Madder Mortem: Desiderata
Madder Mortem - Desiderata - [Peaceville Records]


Madder Mortem were never a typical Norwegian metal group, assuming a typical one is a black metal suite; though there is some reference to black metal through the apocalyptic and gothic subtext.

Recreating the success the darkened atmosphere and bleak concept of "Deadlands" (2003) along with the groovier riffs and overall aggressiveness seems to be a hard enough task even without the constant lineup changes Madder Mortem had (the current lineup is the same one since 2003, in case you're wondering).

"How long can the silence hold?", A suitable whisper to start the business, slams the opening track "My name is silence" right into my face, probably aiming towards an anthem song; Agnete M. Kirkevaag attacks with her sharp voice, while a lot going on in the background- it's dense and tight enough that you won't notice when it's done.
If it weren't for the synths and cymbals opening "Evasions" it would have been a relaxed, almost post-rock-like, song with some groove in the distorted riffs and spidery calmness in the clean riffs; there is great sense of motion transferred whenever the chorus is near and through the vocal jumps, it feels vivid like lucid dreaming.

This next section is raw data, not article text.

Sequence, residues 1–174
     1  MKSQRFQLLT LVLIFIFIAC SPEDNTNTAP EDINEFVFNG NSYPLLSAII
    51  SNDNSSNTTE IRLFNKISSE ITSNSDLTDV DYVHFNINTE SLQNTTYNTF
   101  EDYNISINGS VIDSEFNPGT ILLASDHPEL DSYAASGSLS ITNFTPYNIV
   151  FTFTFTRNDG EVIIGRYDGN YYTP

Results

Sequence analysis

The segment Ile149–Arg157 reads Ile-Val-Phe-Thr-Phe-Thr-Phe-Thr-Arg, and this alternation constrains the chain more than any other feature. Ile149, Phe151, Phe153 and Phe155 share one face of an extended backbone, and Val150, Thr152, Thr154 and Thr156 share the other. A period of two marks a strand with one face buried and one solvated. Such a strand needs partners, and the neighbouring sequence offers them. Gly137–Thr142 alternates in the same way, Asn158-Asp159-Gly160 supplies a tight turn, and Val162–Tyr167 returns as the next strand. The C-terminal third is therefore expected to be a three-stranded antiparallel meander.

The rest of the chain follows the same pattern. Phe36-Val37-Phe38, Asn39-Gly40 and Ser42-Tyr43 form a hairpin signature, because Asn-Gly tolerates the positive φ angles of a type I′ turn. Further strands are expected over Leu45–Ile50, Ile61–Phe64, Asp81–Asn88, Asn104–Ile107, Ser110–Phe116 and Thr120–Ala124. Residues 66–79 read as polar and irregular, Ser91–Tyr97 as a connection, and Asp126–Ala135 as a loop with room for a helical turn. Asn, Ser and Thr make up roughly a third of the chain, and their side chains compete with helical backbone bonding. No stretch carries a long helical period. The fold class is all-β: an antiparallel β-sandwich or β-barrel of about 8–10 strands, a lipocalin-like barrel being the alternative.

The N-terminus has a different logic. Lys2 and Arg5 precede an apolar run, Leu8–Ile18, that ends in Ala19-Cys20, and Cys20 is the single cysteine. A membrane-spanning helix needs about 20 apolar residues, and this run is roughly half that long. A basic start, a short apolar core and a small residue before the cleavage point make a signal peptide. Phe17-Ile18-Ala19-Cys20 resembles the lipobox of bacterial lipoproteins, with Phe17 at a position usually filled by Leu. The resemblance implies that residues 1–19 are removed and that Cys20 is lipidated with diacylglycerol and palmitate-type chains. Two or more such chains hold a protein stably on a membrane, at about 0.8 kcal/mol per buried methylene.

"Plague on this land" shows yet another side, in the form of the connection this band has with newcomers Frantic Bleep , this is Madder Mortem's personal interpretation of avantgarde, featuring a duet of voices tenderly touched by a ghostly angelic choir in the background, leading to a climax and connection to the 3/4 rhythmed follower "Dystopia", being the calm after the storm.
In general, there are many climax moments and games here, take "Changeling" that becomes twisted all of the sudden (2:50) as an example, all it takes is a couple of strikes to change the entire vibe, then an unexpected drop to where you were before and gradually developing and a black metal originated end.

I find myself swept into the Thrashy Nevermore like riffs of both "M for Malice" and "The flood to come"; both are very colorful, playing with harsh and tender touches, as if trying to tease.

Up until about half way through, "Cold Stone" is a virgin like, soothing, drum lacking song; but from that halftime moment on, it seems like something is about to happen- a light industrial tempo enters, something is happening, it swells and swells, becoming a chanted mantra until finally breaking by an odd guitar part right into an even stranger gypsy accordion part that closes it.
"Hypnos" introduces industrial guitars along with suitable drumwork, changing to progressive ones towards the chorus; this is built segment by segment, including the sustained guitar part, the drums doing a marching band part and the last word finish.

There isn't a dull moment here; each song gives more perspective, including the closing trio- all are translated to peak after peak, a very lengthy intercourse.
Be it the broken beats of "Sedition" or the journey taken in the title track, with the semi-ethnic lead and solo (plus the fact I can't stop air drumming along with the song), and the closing track “Hangman” which starts like easy-listening-elevator-jazz music coming out of the 50's and going into what I'll sum up in one word- Wow.

Ofer Vayner

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